A Typical Day on a Cranberry Bog

Cranberry Farmers working on Harvesting the Floating Cranberries

Working on the Bog

Some bogs have farm families who have been cultivating cranberries for generations. The annual harvest between September & October takes a lot of hard work, yet at the same time is deeply satisfying.

Up at 4:30am

The day begins before dawn. Most of the family know the routine by heart. They dress up in layers to ward off the cold, eat a hearty breakfast which is typically eggs, bacon, and toast (yes many still do eat that typical combination), have some coffee and get ready for the long day ahead.

They wear waterproof waders and boots so they can stay dry while wading in knee or hip deep water. Then gather their tools and head out to the bogs while it’s not quite light yet.


The first task is to flood the bogs with water. Cranberries grow on low-lying vines in beds layered with sand, peat, gravel, and clay. A collection of these beds make up a bog, which is then flooded with water so that they can collect the berries easier. One of the head farmers flips a switch and water from nearby reservoirs flows into the bog until the vines are underwater.

As the water rises, the cranberries float to the surface, creating a visually striking sea of red that everyone is in awe of. The sight is one everyone knows from watching the Ocean Spray commercial. People who enjoy taking tours of bogs like to get a photo with the floating cranberries in the background.

Water Reels being used to Harvest Cranberries on a Bog in the Fall

Water Reels on a Cranberry Bog

Water Reels

Once the bogs are flooded, the farmers then use the water reels, or “egg beaters,” as they are known. These machines are designed to gently remove the cranberries from their vines.

Once floating, the berries form a thick, red carpet on the water’s surface and they are ready to be corralled.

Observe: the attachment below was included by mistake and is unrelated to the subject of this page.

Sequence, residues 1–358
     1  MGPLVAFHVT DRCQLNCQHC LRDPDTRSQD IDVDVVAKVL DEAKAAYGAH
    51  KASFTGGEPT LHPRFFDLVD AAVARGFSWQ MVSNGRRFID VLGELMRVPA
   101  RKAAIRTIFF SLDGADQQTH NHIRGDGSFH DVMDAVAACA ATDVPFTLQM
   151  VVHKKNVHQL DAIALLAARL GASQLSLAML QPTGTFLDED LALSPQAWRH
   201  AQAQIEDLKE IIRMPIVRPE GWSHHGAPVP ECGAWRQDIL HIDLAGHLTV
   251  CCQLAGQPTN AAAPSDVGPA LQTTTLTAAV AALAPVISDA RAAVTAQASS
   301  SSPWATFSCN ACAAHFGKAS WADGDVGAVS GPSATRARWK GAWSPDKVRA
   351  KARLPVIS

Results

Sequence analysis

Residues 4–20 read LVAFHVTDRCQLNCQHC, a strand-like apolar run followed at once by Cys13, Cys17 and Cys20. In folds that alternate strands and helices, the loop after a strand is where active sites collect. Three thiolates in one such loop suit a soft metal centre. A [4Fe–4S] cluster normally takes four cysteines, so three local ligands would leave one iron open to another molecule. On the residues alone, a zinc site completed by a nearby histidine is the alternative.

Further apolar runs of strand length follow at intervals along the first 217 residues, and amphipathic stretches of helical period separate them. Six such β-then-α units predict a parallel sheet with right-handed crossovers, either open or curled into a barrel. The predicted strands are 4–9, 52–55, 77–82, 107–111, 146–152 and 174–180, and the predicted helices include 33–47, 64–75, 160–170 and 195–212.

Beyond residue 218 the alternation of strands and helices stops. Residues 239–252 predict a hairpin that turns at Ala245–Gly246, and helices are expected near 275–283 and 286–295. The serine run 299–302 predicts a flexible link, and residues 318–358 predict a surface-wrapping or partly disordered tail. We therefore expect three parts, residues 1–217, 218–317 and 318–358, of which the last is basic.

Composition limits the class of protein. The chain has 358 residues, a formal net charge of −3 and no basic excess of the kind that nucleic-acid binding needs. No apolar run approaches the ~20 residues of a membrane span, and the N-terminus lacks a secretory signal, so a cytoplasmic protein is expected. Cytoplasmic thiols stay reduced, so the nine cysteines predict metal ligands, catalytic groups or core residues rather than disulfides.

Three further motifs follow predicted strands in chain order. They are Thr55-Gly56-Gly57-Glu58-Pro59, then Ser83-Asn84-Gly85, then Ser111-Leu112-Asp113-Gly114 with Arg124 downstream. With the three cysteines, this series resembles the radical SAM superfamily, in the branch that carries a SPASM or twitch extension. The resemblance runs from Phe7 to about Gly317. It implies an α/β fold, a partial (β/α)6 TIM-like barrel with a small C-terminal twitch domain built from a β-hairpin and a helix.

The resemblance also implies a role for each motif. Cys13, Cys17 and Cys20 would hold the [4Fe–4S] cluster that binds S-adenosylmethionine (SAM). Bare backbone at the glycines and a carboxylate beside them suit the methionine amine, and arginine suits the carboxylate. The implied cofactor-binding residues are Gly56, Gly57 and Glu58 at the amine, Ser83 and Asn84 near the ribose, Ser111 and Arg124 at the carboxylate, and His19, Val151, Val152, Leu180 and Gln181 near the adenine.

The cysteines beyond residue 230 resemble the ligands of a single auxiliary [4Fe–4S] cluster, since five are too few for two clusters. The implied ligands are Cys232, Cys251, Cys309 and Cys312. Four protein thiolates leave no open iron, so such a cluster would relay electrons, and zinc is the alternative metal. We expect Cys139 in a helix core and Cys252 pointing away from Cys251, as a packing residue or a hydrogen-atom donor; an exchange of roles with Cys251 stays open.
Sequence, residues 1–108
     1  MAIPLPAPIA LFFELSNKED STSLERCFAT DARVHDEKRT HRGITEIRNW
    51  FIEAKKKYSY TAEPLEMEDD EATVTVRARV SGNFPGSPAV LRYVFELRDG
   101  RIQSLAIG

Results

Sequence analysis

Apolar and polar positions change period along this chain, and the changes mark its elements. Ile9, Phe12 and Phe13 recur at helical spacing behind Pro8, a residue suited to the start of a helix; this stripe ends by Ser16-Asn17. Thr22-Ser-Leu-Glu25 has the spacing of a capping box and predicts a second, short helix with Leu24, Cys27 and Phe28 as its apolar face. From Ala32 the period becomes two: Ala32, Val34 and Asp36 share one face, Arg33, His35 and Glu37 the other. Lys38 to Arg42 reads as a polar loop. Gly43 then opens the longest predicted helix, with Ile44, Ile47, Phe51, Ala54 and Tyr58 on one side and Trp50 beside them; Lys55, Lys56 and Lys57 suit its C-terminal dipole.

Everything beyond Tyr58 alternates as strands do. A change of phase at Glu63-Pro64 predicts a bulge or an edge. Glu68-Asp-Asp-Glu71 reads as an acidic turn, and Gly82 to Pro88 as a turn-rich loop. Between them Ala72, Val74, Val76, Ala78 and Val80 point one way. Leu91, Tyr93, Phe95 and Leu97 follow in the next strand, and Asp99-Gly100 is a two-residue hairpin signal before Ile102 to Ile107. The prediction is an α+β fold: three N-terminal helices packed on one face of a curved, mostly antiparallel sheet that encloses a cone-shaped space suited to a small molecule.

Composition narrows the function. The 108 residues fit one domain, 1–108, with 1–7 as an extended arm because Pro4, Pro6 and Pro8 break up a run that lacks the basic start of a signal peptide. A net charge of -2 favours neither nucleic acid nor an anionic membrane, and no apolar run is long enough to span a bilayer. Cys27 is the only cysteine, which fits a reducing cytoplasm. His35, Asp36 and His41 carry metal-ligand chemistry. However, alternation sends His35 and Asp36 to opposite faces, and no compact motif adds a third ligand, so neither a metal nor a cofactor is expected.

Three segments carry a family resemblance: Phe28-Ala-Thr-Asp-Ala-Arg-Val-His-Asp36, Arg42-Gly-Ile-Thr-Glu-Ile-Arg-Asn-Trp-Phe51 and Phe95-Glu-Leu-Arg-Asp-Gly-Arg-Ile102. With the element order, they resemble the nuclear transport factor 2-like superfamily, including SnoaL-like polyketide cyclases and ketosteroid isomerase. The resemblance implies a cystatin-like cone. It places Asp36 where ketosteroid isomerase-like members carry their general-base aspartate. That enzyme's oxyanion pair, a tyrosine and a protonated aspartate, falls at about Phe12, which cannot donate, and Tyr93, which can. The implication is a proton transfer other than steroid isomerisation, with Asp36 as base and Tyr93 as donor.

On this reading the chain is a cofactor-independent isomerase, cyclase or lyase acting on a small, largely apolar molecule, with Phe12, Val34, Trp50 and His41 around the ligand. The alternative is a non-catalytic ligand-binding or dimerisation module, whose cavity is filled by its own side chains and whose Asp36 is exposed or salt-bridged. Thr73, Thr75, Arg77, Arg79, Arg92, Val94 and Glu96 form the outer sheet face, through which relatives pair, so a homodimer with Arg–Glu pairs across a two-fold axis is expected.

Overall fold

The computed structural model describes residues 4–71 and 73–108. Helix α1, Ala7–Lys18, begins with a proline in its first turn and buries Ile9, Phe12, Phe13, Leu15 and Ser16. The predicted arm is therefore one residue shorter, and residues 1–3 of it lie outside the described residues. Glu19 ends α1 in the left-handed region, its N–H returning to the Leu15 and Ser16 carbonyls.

The farmers then have to work together to stretch a long, flexible barrier called a boom across the bog. It requires coordination and teamwork, as the boom is gradually drawn tighter to gather the floating cranberries into a concentrated mass.

It’s physically demanding work, and the cold water can be numbing, but most of them are used to it. They usually tell jokes and do anything they can to make the work more enjoyable. The camaraderie and shared experience are part of what makes this satisfying.

Two Female Cranberry Farmers collect the floating berries for harvest

Collecting the Berries

In the past many farmers used to collect them by hand or with more primitive tools and methods. Today they use large pumps to vacuum the berries in from the water. These vacuums transfer the berries into trucks where they will be taken to the processing plant.

At this point in the day the workers break for lunch. In days past the wife or eldest daughter traditionally went inside abut an hour beforehand to prepare sandwiches and hot cider. They would all eat together, family and workers, sitting on the edge of the bog, enjoying the view.

Afternoon Shift

The afternoon is spent repeating the process in other sections of the bog. Each section is a little different than the one before, but the procedures are still the same: flood, reel, corral, and collect.

Toward the end of the day the trucks, filled with cranberries, head to the processing plant. Here, the berries are cleaned, sorted, and packaged. Quality control is important because any damaged or under-ripe berries are taken away to make sure only the good ones are used for market.

Working the Cranberry Bog

Early Evening

At this point the day’s work is done. Dinner is usually a big meal, and includes dishes that reflect their work: cranberry-stuffed chicken, fresh garden vegetables, and cranberry pie for dessert.

After dinner, they sit together and talk some more and then move onto their rooms to clean up, get some personal time and prepare for the next day’s work.

Harvest season is busy and there isn’t much time for things like hobbies, fun or even time with friends and extended family. The grind of the everyday work is definitely a sacrifice, but once again, a satisfying, unifying and bonding experience for the unit, whether they are a family, or a mix of family and hired hands.

Working a cranberry bog would make for an interesting summer job and an experience one won’t likely forget.

– Cranby

Dried Cranberry Powder